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Sectional Density & Inherent Accuracy

Discussion in 'General Gun Discussions' started by ChristopherG, Apr 1, 2003.

  1. ChristopherG

    ChristopherG Well-Known Member

    In this thread from a few months ago--


    --Sven asked an interesting question about why bullet weights are what they are--e.g., for 9mm, 115, 124, & 147 grains. Turns out the answer is related to metrics (makes sense; they're in gram & half-gram increments).

    My question is related but different, and will hopefully get responses that I'm barely able to understand from you aerodynamic whizzes out there:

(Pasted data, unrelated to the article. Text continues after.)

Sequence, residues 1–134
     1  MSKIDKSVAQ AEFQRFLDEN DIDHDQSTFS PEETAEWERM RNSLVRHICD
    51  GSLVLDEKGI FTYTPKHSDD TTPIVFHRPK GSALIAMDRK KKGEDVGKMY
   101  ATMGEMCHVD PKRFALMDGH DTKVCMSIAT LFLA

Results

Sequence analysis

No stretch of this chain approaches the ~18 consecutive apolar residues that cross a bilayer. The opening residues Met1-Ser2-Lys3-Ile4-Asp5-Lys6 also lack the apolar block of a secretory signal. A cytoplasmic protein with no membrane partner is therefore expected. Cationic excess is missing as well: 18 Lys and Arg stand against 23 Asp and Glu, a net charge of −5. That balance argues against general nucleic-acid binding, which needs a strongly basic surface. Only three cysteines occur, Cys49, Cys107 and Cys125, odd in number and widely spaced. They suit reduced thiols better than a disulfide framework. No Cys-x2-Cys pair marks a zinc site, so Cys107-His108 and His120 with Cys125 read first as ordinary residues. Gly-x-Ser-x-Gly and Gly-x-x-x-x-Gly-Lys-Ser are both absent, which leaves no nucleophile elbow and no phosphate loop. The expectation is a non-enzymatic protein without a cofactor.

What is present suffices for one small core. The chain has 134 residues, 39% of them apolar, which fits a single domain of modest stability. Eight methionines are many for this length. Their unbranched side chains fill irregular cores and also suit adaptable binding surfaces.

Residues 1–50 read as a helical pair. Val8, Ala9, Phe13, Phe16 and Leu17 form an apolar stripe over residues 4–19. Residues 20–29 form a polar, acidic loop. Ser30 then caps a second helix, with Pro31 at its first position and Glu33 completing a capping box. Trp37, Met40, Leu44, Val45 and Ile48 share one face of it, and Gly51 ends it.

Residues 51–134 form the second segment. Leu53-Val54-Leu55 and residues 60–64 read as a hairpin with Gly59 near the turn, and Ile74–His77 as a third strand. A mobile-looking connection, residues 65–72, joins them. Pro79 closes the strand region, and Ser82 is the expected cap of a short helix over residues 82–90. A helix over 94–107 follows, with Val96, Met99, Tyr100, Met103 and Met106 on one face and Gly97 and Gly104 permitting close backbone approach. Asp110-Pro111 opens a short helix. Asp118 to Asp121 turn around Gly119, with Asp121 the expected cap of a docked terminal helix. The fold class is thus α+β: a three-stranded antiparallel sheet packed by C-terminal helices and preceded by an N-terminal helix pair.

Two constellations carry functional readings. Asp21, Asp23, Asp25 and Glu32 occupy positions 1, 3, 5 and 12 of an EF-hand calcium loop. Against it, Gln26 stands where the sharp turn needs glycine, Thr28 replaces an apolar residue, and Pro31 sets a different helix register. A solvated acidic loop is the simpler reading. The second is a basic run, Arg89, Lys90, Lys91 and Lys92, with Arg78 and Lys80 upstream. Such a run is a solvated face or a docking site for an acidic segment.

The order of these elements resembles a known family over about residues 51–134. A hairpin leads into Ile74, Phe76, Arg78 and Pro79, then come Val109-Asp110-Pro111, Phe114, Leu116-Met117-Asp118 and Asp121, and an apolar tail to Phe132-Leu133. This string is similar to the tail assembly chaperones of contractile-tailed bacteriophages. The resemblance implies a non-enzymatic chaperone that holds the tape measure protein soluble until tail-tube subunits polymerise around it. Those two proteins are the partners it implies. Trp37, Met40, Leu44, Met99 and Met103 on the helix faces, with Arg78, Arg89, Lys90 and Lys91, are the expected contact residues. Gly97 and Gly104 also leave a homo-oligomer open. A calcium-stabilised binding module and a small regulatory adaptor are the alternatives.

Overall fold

Is there a particular range of sectional densities that have greater inherent accuracy within a given range of velocities (such as the normal range of handgun ballistics)? That is, all other things being equal, should a 158 gr. .38 and a 147 gr. 9mm and a 230 gr. 45 all be more or less accurate, in theory, than their lighter or heavier counterparts? Thanks for your answers, you ballistics brainiacs.
  2. bogie

    bogie Well-Known Member

    At handgun ranges, you're not likely to notice a difference between the "perfect" bullet, and a really bad one.

    The MOST important thing about a bullet is how well the base seals in the bore, coupled with the integrity (or lack thereof) of the muzzle crown. If one side of the bullet loses contact with the barrel before the other one, the bullet yaws, and your accuracy goes to pot.

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